South Africa were utterly dominant, triumphing inside three days against an England team who had won all four of their previous Tests under a new leadership duo of captain Ben Stokes and coach Brendon McCullum.
The match was. in fact. effectively over in six sessions after rain washed out most of Wednesday’s first day.
“As a playing group it’s a special bunch and we play bloody good cricket when we’re playing well,” said Elgar.
South Africa, already top of the World Test Championship table, were in command from the start.
Their powerful pace attack backed up Elgar’s decision to field first in overcast conditions by dismissing England for 165, with fast bowler Kagiso Rabada taking 5-52 to gain a coveted place on the Lord’s honours board.
The Proteas then strengthened their grip on the game by making 326 in reply for a first-innings lead of 161, with opener Sarel Erwee’s painstaking 73 laying a solid foundation.
What turned out to be South Africa’s lone innings of the match ended during Friday’s morning session and there was still time for spinner Keshav Maharaj, who didn’t bowl in the first innings, to strike twice as England slumped to 38-2 at lunch.
Fast bowler Anrich Nortje ensured the collapse continued with a superb burst of three wickets for no runs in 10 balls before England were dismissed before tea for 149 inside 38 overs, with the innings lasting a mere three hours.
#Proteas captain Dean Elgar spoke highly of his bowling attack after their victory at Lord’s 💯#ENGvSA #BePartOfIt https://t.co/OAcqJnqRq1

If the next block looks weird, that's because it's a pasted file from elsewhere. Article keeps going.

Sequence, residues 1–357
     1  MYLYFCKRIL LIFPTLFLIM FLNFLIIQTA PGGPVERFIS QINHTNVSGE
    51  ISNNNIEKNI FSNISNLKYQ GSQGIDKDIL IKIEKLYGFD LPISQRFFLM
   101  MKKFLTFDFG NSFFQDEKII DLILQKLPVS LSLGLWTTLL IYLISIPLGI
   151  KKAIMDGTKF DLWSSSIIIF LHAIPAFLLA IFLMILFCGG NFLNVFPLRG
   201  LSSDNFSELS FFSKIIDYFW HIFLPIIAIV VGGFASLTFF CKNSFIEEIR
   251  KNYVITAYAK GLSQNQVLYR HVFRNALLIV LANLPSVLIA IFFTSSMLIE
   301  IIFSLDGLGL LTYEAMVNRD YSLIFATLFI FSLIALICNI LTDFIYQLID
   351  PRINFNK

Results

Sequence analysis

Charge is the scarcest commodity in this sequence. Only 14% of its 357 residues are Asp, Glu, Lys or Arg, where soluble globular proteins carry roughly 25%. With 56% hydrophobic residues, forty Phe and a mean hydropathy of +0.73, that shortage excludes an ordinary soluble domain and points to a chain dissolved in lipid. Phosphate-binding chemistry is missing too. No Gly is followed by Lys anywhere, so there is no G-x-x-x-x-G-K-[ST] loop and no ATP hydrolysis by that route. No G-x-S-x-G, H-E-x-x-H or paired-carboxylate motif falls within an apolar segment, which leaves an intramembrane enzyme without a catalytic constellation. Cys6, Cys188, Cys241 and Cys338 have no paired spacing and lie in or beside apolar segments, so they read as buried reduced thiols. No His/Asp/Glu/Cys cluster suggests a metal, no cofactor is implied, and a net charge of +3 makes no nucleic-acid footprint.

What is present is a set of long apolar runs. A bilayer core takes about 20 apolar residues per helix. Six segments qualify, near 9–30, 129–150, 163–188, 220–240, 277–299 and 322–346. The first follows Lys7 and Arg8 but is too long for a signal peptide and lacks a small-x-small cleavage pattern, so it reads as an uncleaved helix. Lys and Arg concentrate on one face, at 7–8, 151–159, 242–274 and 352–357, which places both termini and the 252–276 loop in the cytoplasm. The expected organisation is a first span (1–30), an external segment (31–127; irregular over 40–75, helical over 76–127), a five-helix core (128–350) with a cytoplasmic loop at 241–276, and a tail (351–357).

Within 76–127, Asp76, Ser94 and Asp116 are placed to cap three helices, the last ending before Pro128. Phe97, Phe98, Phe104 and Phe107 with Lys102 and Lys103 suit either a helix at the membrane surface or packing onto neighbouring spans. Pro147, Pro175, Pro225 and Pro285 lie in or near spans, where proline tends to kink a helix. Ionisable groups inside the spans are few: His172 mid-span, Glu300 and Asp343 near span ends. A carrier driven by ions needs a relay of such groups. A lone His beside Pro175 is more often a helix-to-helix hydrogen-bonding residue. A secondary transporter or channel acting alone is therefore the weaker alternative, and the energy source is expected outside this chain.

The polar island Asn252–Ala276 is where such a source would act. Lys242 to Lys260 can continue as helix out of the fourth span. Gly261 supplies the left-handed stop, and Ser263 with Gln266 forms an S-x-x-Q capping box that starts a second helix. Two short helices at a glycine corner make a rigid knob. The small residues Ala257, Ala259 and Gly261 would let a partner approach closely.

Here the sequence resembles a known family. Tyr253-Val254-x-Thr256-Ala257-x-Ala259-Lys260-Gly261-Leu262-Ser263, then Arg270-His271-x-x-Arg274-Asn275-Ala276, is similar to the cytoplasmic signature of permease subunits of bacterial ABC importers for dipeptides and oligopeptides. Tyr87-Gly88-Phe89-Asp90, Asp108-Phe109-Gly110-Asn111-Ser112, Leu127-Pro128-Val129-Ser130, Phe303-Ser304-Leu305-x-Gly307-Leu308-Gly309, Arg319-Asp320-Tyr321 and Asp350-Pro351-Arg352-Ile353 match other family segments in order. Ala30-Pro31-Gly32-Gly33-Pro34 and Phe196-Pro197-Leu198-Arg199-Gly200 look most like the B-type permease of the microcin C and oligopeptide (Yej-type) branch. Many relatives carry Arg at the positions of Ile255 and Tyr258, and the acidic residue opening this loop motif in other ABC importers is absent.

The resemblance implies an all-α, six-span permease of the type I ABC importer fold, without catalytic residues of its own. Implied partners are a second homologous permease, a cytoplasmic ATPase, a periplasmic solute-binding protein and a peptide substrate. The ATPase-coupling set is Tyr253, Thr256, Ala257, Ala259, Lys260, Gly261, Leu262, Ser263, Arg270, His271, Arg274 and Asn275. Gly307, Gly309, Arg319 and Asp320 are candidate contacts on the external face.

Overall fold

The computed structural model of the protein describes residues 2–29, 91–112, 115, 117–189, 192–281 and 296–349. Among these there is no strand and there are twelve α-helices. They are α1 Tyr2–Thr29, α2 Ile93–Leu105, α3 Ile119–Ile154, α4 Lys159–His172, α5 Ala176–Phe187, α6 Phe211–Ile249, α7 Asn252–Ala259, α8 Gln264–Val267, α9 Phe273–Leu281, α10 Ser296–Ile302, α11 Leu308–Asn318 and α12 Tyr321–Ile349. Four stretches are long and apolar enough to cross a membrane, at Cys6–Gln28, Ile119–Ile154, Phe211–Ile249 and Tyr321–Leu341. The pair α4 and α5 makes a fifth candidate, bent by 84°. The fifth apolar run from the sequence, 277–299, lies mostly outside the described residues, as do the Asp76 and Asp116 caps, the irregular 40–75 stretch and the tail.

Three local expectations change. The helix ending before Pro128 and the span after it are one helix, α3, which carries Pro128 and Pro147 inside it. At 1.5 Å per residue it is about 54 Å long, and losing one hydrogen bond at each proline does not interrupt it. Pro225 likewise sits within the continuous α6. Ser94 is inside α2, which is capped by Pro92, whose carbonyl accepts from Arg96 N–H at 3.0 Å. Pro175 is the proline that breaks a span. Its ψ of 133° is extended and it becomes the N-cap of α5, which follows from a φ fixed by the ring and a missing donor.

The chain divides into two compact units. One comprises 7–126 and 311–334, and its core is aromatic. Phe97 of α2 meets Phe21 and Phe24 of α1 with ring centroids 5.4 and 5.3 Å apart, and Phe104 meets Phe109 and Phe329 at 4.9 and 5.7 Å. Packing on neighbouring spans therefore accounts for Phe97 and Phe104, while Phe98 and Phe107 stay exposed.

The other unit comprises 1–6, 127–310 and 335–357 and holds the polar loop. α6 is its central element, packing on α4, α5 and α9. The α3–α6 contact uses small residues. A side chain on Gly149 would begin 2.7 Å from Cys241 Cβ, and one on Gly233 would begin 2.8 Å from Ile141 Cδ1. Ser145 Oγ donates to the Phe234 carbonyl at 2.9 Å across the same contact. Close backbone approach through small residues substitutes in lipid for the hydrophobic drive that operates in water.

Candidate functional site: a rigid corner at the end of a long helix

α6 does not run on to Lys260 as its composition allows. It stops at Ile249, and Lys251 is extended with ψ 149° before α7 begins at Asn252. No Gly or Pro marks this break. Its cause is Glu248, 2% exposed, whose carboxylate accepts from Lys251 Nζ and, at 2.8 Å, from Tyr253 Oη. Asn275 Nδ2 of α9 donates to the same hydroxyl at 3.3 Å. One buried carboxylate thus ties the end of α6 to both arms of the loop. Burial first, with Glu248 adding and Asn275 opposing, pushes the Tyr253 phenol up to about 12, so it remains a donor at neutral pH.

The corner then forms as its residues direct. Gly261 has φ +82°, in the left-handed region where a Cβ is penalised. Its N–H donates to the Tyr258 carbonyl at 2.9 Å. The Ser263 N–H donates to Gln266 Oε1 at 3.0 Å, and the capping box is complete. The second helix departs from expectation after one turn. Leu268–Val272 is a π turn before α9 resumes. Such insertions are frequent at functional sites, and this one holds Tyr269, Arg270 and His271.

— Cricket South Africa (@OfficialCSA) 1660934151000
This was South Africa’s eighth win in 10 Tests since Elgar was appointed as their red-ball skipper last year, with the opener telling reporters: “I would like to think that what we’ve laid down as a foundation has been pretty true and pretty solid…it hasn’t been fake, it’s been real.”
Even Elgar was taken aback by the speed of South Africa’s victory, which left them 1-0 up in a three-match series ahead of Thursday’s second Test at Old Trafford in Manchester.
“I didn’t wake up this morning thinking I’d be doing a press conference before five o’clock,” the 35-year-old said.
And while alert to the dangers of “complacency”, Elgar added: “We need to enjoy these moments.
“We did it at a unique place – a sold-out Lord’s on a Friday,” he explained after what was just South Africa’s sixth win in 17 Tests at the London ground.
Elgar hailed player-of-the-match Rabada, who claimed seven wickets in total, by saying: “He’s an absolute machine when it comes to rising to the occasion for big matches. He put his hand up, he took the bull by the horns and he ran with it.”
Another milestone in the bag 💪The 7⃣th South African to grab 250 Test Wickets#ENGvSA #BePartOfIt https://t.co/jpCuNvK3mo
— Cricket South Africa (@OfficialCSA) 1660926263000
Before this match, Elgar faced repeated questions about England’s new ‘Bazball’ style, a term that is a reference to McCullum’s nickname.
But Elgar, a veteran of 77 Tests, made it clear there were still certain non-negotiables in the red-ball game, a point he repeated to the BBC in a separate interview on Friday.
“I’m still a purist when to comes to Test cricket,” he insisted. “I don’t stuff around with too many styles of play. I think the game demands and kind of deserves it.”
South Africa, however, are only scheduled to play 28 Tests in the next four years under the International Cricket Council’s future tours programme.
“I guess we could be playing more,” said Elgar. “It’s a sad thing but so be it. I can’t say too much about that because I might get into trouble.”